In the 2000s, the “cloud” began to take off. Programmers and businesses started to procure virtual compute resources in an on-demand fashion to run their software and applications.
Over the last two decades, developers have grown accustomed to, and reliant on, instantly available infrastructure managed and maintained by someone else. And this is no surprise. Abstracting hardware and infrastructure away enable developers and companies to focus on product innovation and user features above all else.
Amazon Web Services, Microsoft Azure and Google Cloud have made storage and compute ubiquitous, on-demand and straightforward to deploy. And these hyperscalers have built robust, high-margin businesses atop this approach. Organizations reliant on the cloud have traded capital expenditures (servers and hardware) for operating expenditures (pay-as-you-go compute and storage resources).
Enter federated learning
Although the cloud’s ease of use is a boon to any upstart team trying to innovate at all costs, cloud-centric architecture is a significant cost of revenue as a company scales. In fact, 50% of large SaaS company revenue goes toward cloud infrastructure.
As machine learning (ML) continues to grow in popularity and utility, organizations store an increasing amount of data in the cloud and train larger and larger models in search of higher model accuracy and greater user benefit. This further exacerbates the reliance on cloud providers and organizations find it difficult to repatriate workloads to on-premises solutions. In fact, doing so would require them to hire a stellar infrastructure team and re-architect their systems altogether.
Organizations are looking for tools that enable new product innovation and offer high accuracy with low latency while still being cost-effective.
Enter federated learning (FL) on the edge.
What is Federated Learning (FL) on the edge?
FL, or collaborative learning, takes a different approach to data storage and compute. For example, whereas popular cloud-centric ML approaches send data from your phone to centralized servers and aggregate this data in a silo, FL on the edge keeps data on the device (that is, your mobile phone or your tablet). It works in the following way:
Step 1: Your edge device (or mobile phone) downloads an initial model from a FL server.
Step 2: On-device training is then conducted; data on the device improves the model.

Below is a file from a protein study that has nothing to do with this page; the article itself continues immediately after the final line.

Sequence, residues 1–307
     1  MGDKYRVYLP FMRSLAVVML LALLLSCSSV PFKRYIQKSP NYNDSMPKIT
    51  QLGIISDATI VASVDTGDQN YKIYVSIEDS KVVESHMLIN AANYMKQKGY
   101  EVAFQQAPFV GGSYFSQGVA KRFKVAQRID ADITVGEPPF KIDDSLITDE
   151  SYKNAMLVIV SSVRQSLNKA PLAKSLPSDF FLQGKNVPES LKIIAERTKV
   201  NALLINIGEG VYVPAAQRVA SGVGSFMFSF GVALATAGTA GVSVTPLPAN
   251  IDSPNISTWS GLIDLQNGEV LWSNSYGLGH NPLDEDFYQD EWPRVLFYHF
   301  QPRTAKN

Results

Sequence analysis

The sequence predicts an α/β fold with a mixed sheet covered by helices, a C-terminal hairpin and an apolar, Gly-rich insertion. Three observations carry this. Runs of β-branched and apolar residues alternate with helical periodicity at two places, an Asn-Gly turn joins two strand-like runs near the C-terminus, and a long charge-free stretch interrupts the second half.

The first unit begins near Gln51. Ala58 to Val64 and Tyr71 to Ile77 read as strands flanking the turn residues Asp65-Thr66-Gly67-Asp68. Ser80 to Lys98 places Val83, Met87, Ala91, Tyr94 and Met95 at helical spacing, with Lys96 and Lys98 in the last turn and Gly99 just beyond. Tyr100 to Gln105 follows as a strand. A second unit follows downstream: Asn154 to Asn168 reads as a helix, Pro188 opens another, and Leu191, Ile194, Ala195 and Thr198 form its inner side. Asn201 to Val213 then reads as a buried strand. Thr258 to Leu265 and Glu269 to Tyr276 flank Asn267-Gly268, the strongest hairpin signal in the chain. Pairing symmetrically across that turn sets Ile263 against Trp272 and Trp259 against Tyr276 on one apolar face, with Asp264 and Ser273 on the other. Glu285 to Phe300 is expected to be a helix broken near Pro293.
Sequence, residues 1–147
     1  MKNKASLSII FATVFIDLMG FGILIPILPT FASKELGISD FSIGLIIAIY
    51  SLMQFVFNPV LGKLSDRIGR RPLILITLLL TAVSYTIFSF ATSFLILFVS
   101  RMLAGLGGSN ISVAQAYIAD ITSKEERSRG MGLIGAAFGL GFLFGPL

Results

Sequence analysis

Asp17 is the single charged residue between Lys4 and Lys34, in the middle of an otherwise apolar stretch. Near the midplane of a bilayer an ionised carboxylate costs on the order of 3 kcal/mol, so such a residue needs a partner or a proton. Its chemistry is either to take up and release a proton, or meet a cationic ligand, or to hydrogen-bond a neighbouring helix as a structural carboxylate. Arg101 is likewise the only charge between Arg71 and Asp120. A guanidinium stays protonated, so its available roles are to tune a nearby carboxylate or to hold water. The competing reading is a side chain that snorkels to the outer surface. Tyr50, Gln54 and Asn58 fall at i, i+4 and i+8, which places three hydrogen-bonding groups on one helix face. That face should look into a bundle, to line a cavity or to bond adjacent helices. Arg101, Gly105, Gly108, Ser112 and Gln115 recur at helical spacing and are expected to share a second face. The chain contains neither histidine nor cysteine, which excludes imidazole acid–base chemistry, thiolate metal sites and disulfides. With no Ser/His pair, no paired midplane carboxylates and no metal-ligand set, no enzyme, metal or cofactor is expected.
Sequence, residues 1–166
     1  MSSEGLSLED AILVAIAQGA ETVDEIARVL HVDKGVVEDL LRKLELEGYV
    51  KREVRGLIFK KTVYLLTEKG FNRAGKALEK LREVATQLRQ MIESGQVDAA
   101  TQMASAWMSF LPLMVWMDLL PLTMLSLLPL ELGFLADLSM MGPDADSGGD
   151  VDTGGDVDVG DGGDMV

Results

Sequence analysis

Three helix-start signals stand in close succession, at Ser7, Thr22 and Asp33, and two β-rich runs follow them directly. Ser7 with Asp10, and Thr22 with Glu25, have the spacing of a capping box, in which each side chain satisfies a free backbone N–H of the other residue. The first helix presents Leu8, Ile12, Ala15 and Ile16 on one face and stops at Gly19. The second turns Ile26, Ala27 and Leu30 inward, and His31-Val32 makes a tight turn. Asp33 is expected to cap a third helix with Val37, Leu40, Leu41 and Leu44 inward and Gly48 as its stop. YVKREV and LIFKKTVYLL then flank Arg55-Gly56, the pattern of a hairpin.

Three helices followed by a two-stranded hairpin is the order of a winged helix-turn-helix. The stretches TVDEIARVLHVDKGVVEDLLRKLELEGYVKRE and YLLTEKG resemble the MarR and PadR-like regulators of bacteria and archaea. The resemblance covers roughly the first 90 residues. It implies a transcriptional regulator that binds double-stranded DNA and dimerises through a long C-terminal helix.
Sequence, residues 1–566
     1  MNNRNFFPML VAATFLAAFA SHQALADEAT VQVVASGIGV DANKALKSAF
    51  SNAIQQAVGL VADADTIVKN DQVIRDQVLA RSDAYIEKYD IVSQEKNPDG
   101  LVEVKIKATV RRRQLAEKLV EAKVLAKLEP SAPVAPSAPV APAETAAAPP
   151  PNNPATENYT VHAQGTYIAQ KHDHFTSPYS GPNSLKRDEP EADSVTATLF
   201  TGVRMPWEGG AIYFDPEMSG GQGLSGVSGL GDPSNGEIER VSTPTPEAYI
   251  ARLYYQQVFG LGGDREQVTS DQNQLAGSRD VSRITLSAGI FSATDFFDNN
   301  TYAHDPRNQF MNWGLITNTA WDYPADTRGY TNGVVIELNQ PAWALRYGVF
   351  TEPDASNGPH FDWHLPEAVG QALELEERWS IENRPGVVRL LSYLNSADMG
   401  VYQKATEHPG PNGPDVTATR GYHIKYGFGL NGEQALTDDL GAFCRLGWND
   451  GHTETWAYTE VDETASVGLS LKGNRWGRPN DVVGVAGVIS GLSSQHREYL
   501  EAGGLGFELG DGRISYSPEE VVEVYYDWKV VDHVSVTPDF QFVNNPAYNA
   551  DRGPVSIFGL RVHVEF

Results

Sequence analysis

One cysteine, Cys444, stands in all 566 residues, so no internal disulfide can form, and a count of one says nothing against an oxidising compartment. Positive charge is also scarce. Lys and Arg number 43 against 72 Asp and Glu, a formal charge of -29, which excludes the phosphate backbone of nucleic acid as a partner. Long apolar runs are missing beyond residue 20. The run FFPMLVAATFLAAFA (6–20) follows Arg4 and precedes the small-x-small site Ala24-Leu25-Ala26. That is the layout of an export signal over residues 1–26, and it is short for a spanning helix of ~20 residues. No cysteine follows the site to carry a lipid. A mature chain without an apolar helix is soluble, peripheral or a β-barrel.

Step 3: The encrypted training results are sent back to the server for model improvement while the underlying data sits safely on the user’s device.
Step 4: With the model on the device, you conduct training and inference on the edge in a completely distributed and decentralized way.
This loop continues iteratively and your model accuracy increases.
Federated learning benefits for the user
When you aren’t reliant or bottlenecked by the centralization of data, the user benefits in dramatic ways. With FL on the edge, developers can improve latency, reduce network calls and drive power efficiency all while promoting user privacy and improved model accuracy.
FL on the edge is enabled by the ever-increasing hardware capability of the phones in our pockets. Each year, on-device computation and battery life improve. As the smartphone processor and hardware in our pocket improves, FL techniques will unlock increasingly complex and personalized use cases.
Imagine, for example, software that sits on your phone in a privacy-centric way that can automatically draft replies to incoming emails with your individual tone, punctuation style, slang and other hyper-personalized attributes — all you have to do is click send.
Enterprise pull is strong
In my conversations with multiple Fortune 500 companies, it has been blindingly obvious how much demand there is for FL on the edge across sectors. CTOs express how they’ve been searching for a solution to bring FL techniques on the edge to life. CFOs reference the millions of dollars spent on infrastructure and model deployment that could otherwise be saved in an FL approach.